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The Benefits of Buying a Short Sale: an Interview with Dale Forsythe of Wayman Irvin & McAuley, LLC

By Dale Forsyth

Tell us about your company and its foundation.

Wayman Irvin & McAuley, LLC was formed in 1965, when Robert Wayman, Bernard McAuley and Arch Irvin decided to leave the firm with which they were associated and form their own firm, to better serve their clients. Since that time, the firm has been devoted to the zealous representation of its clients in a diverse range of legal matters. The firm has an active practice in all state and federal trial and appellate courts in Western and Central Pennsylvania. The firm also practices in the state and federal court systems of West Virginia and Ohio, to better be able to provide the client with a broad range of services and representation.

Our experienced attorneys represent national corporations, businesses, licensed professionals, individuals, and insurance companies in solving problems. Our aim is to assist our clients in identifying and resolving issues before they develop into significant controversies. When disputes arise, we recognize our clients' best interests and seek to find amicable and cost-effective solutions when appropriate. If trial is unavoidable, our experienced trial attorneys provide the highest quality of courtroom representation.

We have offered our services to a wide range of players in the real estate field, primarily defending lawsuits filed against real estate agents and brokers, appraisers and mortgage brokers. We have given seminars on a host of topics related to these fields, for a variety of clients and professional organizations.

Please provide a brief explanation of what a short sale is.

A short sale, in simplest terms, is selling a home for a price that is below the amount of the outstanding mortgage. In a market where home fair market values are falling, and a borrower is in a situation where continued mortgage payments are unlikely, a short sale might provide a viable, though not perfect, solution through which the lender can get some substantial payment on the loan. The alternative may be foreclosure and even less of a return.

How low do short sale sellers typically go?

This is a financial decision made by the lender for the most part. They will have to agree upon a number that they feel represents the most that they can realize from the transaction. The seller will want the lender to waive the remaining obligation on the debt, so the lender will have to do some number crunching to decide on a bottom number. As the seller is not going to be making any money on the transaction, they frequently will lose interest in the sales price, opening up more possibilities for good deals.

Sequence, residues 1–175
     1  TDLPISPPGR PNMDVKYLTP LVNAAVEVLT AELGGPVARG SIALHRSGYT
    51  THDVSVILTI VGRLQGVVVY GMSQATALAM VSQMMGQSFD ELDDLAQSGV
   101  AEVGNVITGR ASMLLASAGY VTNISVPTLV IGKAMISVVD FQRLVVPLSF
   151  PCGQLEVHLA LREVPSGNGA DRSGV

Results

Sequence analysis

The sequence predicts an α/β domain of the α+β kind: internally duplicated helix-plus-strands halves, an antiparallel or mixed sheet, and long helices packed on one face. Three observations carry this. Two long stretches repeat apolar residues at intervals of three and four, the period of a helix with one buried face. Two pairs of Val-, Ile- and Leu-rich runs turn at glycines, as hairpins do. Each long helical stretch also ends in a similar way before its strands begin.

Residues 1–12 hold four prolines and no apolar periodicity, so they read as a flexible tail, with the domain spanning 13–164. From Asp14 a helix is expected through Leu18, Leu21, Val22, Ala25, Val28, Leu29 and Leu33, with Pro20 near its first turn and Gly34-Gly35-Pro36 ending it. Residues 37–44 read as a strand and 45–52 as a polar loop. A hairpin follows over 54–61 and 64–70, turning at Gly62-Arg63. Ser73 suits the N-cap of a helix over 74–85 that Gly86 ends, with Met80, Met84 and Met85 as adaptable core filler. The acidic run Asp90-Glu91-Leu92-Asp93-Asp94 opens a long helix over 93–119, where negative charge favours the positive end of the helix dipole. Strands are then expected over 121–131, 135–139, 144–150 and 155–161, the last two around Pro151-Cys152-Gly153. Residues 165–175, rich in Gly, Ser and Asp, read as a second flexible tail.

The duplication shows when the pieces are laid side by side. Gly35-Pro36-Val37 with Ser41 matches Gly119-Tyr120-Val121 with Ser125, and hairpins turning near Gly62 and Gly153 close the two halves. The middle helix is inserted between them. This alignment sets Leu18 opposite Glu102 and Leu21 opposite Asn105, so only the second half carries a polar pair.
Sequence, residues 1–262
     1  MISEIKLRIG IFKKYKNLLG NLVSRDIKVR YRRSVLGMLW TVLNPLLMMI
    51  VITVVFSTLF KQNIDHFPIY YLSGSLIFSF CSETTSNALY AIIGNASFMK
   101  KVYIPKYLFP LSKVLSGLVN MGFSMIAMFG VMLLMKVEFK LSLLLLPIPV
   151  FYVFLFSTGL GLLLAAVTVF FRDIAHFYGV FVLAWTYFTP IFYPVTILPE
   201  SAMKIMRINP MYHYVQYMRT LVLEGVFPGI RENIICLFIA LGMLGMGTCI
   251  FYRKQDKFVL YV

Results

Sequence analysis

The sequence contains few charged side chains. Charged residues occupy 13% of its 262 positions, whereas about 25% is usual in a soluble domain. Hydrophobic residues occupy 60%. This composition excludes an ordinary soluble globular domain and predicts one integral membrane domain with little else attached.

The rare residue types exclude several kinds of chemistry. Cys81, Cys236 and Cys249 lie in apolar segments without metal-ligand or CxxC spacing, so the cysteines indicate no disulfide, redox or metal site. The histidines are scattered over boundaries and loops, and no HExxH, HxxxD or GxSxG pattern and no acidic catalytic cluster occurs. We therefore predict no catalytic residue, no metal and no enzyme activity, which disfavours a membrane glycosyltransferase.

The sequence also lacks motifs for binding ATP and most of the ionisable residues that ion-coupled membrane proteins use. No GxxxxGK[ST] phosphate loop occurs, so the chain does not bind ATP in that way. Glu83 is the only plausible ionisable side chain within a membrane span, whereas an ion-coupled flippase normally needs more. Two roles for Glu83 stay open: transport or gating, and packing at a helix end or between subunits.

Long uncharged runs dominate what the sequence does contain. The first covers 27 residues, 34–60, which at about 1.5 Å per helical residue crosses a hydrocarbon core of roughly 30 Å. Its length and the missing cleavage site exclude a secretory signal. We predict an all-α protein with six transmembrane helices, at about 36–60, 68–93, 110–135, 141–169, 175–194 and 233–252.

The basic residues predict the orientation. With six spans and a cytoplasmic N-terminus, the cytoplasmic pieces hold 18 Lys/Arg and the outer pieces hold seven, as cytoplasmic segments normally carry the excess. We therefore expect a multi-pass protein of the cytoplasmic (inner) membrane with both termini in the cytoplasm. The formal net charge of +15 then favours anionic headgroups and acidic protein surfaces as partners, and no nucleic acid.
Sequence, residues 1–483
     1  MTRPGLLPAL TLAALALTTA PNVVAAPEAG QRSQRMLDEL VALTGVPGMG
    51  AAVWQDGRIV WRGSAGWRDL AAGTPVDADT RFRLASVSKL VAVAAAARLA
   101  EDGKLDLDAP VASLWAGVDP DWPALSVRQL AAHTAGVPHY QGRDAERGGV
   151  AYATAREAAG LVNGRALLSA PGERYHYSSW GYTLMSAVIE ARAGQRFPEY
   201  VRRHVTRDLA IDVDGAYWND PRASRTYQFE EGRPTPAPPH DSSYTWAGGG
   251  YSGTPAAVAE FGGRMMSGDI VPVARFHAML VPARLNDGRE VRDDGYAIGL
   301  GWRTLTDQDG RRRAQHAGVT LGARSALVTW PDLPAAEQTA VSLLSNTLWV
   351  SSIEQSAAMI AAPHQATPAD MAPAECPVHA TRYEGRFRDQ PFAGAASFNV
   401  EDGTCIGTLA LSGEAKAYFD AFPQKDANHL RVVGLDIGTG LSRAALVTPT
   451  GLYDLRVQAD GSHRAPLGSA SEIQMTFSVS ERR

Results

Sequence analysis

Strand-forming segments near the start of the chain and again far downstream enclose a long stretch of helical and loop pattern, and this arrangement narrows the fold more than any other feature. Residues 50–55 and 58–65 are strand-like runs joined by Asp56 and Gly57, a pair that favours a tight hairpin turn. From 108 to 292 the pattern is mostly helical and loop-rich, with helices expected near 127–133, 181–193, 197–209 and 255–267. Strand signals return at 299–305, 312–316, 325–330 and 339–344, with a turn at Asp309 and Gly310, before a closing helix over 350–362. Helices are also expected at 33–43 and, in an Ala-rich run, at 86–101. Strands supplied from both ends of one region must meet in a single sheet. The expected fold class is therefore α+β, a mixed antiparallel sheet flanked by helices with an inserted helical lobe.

What are the benefits of buying a short sale home?

Many parties can benefit from a short sale. From the lender's perspective, they are getting some return on the loan. From the seller's perspective, they are avoiding foreclosure and the negative impact on credit score, future financing and future employment prospects. A short sale home is frequently made at a price closer to market value than a foreclosure loan, and thus the lender benefits and the seller is faced with a lower deficiency judgment (though typically forgiven by lender). A buyer can also benefit. If it is a home that the buyer likes, if he or she can wait out the typically longer period that is required for a short sale to be approved, they will likely get a good deal. A seller, in a short sale situation, naturally does not have as much interest in the sales price, since they are not going to be making money in the end.

What is the ideal situation to buy a short sale home?

Frequently, the lender will agree to such an arrangement where, absent the sale, they will be looking at a foreclosure situation and potentially even less of a return.

One would need to have a borrower/seller who is eligible, assuming the loan amount remains in excess of the value of the house. Typically, a lender will be open to a short sale where some type of hardship has befallen the borrower (e.g., loss of a job) and he or she is likely unable to continue monthly mortgage payments. Also, it would occur in a situation where a modified mortgage or payment plan would not be appropriate.

What's the best way to contact you and your company?

Please feel free to email me with any questions, at dforsythe@waymanlaw.com. Our website, www.waymanlaw.com, describes our firm and its practice areas in detail, as well as provides contact information for attorneys most involved in specific areas of practice.

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